"Memory is a kind of reading glass under which spots of earth long beloved take on the aspects of something magical," Masters wrote. His own reading glass was rose-colored. True, early travelers had compared the Sangamon valley, not implausibly, to Eden. But by the time Masters was born, in 1869, it had already been plundered by speculators and raped by farmers. The wolf hunts that provided the locals with adventure after the Indians had been driven out no longer turned up any wolves, and the river, which had once harbored pike and bass, yielded only carp. "Somehow," Masters observes ingenuously, "wild animal life has diminished greatly in Illinois."
Human life had not. The impulse toward prosperity, that mania for "improvement" that transformed the Sangamon wilderness, also destroyed it. Masters's grandmother, he recalls, when she arrived in the Sangamon country was dismayed by this virgin land's loneliness. "But when miles of corn began to wave their banners," he writes, "and the land was diversified by houses and barns and divided by rail fences, the scene became beautiful." And in some ways barren, as the forests were cleared for houses, farm fields bled topsoil into the rivers, and hunters wasted the game. You can't have your cake and Eden too.
There is something wistful about these accounts, particularly Masters's. Even the artwork originally commissioned to illustrate the books reflects this: in The Sangamon, a sunrise over an abandoned horse plow, in the style of a poor man's Thomas Hart Benton, is typical. When these books were produced, the United States had been chastened by the Depression and faced problems of urbanization, industrialization, and migration, including the resulting racial tensions, with which it was ill equipped to cope. Uncertain of its future for once, the U.S. public clung all the harder to a past it imagined to be democratic, bucolic, and simple, an idealized national youth.
For all that, these books have an unexpected contemporaneity. Gray's hustlers and dreamers sound a lot like the eager plunderers transforming Illinois's modern frontiers in Du Page and McHenry counties. And Masters's brand of moralizing history, justifying the resentments felt by the white farmer, small-town merchant, and manual worker being squeezed from both sides by immigrant labor and big money, seems as fresh as a Reagan stump speech. Like Reagan, Masters at his most effective is also Masters at his worst; both show the same moony sentimentality and the same indifference to fact.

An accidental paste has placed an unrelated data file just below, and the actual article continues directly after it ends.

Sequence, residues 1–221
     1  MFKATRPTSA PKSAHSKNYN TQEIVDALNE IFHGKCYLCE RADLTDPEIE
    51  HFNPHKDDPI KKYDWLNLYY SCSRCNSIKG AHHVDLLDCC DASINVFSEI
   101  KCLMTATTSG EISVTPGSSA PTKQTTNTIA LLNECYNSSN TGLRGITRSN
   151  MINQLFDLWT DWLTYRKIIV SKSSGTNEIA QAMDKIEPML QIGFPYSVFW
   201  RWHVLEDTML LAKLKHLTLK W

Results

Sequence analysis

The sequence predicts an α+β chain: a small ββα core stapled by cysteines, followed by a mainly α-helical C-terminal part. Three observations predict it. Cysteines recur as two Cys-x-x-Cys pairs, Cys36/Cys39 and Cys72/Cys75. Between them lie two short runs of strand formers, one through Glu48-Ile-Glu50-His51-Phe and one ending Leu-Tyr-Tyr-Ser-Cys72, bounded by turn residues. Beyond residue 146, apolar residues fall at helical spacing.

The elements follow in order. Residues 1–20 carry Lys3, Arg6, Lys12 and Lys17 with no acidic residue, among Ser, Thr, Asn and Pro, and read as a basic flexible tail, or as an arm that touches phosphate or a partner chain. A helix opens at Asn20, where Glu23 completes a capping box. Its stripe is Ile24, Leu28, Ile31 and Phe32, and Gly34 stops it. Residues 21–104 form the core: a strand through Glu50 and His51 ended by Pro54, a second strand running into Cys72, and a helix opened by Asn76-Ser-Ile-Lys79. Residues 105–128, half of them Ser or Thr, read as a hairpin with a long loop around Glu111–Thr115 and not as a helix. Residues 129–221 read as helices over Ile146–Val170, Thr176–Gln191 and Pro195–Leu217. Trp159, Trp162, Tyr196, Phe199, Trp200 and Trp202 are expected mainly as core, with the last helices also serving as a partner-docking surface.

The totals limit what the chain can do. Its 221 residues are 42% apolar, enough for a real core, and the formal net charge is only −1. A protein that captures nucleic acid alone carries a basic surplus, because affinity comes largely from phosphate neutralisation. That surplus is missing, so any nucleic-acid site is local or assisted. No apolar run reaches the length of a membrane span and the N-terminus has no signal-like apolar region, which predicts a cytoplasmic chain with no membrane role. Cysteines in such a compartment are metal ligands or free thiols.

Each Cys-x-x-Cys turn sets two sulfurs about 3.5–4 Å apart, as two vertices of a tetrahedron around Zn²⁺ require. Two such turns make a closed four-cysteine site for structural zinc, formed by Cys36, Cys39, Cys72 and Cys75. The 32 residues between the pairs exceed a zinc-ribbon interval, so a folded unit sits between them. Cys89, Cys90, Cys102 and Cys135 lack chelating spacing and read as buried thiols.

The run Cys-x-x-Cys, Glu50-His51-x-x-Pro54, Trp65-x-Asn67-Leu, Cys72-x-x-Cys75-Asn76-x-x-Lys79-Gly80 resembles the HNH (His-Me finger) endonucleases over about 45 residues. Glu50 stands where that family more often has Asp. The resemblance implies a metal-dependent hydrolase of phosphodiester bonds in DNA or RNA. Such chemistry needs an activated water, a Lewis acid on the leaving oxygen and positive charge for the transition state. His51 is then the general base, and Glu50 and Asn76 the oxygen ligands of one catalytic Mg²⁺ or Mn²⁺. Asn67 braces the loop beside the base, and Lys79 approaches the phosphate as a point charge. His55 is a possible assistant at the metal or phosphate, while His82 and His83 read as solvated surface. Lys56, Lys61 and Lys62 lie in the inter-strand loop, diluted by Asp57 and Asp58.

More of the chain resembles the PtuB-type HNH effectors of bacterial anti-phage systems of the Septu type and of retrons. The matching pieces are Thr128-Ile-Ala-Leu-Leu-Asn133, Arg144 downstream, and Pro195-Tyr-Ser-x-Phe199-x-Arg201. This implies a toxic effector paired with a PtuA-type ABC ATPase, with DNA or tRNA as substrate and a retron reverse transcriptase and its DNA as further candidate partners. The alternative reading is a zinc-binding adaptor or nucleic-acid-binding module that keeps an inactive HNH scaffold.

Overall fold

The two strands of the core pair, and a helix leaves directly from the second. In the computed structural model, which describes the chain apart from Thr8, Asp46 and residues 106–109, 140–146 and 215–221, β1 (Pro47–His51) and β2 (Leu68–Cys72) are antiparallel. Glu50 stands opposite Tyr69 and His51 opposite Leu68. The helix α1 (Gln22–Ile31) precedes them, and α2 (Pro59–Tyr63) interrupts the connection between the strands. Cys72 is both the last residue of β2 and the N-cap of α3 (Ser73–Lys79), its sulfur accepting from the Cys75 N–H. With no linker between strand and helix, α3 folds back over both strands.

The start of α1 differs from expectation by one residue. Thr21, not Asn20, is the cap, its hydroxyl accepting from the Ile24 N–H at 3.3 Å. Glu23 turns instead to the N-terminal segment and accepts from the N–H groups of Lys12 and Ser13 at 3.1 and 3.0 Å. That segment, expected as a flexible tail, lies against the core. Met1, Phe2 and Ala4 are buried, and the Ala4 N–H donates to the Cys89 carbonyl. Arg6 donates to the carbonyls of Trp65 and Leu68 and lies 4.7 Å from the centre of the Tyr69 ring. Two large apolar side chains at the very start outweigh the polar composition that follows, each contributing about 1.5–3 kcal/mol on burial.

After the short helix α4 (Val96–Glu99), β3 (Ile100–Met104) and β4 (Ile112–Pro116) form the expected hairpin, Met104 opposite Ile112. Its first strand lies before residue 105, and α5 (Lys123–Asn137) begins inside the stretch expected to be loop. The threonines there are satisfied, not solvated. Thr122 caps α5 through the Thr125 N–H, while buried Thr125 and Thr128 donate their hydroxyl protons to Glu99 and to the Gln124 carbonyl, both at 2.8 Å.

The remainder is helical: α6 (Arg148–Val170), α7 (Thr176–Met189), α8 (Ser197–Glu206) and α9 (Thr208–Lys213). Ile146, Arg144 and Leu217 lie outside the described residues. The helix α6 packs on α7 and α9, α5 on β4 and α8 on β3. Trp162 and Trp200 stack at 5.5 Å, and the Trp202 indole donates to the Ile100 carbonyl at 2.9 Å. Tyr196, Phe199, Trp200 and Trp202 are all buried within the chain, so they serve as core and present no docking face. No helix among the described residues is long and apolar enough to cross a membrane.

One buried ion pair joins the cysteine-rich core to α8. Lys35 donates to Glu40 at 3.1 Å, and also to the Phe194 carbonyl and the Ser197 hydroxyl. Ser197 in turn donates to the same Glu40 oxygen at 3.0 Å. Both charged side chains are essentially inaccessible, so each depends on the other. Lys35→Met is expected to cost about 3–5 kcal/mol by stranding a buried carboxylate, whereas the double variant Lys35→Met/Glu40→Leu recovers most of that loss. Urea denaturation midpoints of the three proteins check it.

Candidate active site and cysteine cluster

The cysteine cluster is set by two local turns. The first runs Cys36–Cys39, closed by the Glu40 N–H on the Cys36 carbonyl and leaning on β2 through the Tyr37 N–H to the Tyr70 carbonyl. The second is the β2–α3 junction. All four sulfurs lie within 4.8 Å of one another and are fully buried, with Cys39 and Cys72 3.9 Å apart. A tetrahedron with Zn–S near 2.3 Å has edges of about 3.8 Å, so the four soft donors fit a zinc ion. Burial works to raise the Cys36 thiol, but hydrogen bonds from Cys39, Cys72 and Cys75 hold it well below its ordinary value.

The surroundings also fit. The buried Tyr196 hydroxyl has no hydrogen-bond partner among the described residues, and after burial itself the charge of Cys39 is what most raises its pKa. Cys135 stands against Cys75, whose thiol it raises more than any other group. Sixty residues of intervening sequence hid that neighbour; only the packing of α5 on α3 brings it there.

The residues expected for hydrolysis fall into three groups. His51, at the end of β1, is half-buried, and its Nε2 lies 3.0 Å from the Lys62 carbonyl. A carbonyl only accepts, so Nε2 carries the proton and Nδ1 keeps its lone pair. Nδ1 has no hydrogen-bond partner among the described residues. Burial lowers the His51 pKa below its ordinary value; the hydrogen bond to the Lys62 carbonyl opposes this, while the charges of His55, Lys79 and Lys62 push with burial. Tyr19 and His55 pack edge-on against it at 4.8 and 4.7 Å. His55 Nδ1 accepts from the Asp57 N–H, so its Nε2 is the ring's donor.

To complain that The Illinois and The Sangamon are minor books may seem harsh; these are minor rivers, and so may be said to have gotten the books they deserve. But greatness in a book is not necessarily a function of its subject. William Maxwell has made literature out of Lincoln, Illinois, for example, and Masters did the same for the Spoon River country. But when Masters suggests that the traveling legal sideshow that was the old circuit court is a topic worthy of Chaucer, you may wonder, as I did, whether the University of Illinois Press might have done better by commissioning a new Chaucer than by reprinting old Masters.
Any successors to these volumes would be sadder and angrier books, as any must be that chronicle the depopulation of our rural estate and its spoliation at the hands of farmers and other developers. Rivers offer only beauty and usefulness, Gray notes; but in the cases of the Illinois and Sangamon, we have sacrificed the former to the latter. Without quite meaning to, these books remind us that the people of the Illinois and the Sangamon, not the rivers, have charted the more turbulent and transient course. We have tamed the wilderness but not ourselves. ●